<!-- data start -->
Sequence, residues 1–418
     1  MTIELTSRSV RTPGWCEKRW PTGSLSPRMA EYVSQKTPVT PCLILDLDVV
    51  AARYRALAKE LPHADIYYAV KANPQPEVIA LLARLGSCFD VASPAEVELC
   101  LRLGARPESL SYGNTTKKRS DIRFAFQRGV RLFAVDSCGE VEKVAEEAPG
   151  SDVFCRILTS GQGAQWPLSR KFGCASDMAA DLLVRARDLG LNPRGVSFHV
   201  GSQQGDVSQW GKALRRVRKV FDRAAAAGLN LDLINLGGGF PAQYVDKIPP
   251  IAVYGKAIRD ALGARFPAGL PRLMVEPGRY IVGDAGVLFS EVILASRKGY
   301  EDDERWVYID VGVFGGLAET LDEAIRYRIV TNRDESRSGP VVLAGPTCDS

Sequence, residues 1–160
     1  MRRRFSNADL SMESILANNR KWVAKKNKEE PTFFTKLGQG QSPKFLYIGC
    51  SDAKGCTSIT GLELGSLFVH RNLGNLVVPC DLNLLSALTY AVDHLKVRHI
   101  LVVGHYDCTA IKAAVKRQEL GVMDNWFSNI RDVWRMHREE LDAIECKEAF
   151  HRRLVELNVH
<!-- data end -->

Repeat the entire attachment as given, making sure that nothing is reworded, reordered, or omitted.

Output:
Sequence, residues 1–418
     1  MTIELTSRSV RTPGWCEKRW PTGSLSPRMA EYVSQKTPVT PCLILDLDVV
    51  AARYRALAKE LPHADIYYAV KANPQPEVIA LLARLGSCFD VASPAEVELC
   101  LRLGARPESL SYGNTTKKRS DIRFAFQRGV RLFAVDSCGE VEKVAEEAPG
   151  SDVFCRILTS GQGAQWPLSR KFGCASDMAA DLLVRARDLG LNPRGVSFHV
   201  GSQQGDVSQW GKALRRVRKV FDRAAAAGLN LDLINLGGGF PAQYVDKIPP
   251  IAVYGKAIRD ALGARFPAGL PRLMVEPGRY IVGDAGVLFS EVILASRKGY
   301  EDDERWVYID VGVFGGLAET LDEAIRYRIV TNRDESRSGP VVLAGPTCDS

Sequence, residues 1–160
     1  MRRRFSNADL SMESILANNR KWVAKKNKEE PTFFTKLGQG QSPKFLYIGC
    51  SDAKGCTSIT GLELGSLFVH RNLGNLVVPC DLNLLSALTY AVDHLKVRHI
   101  LVVGHYDCTA IKAAVKRQEL GVMDNWFSNI RDVWRMHREE LDAIECKEAF
   151  HRRLVELNVH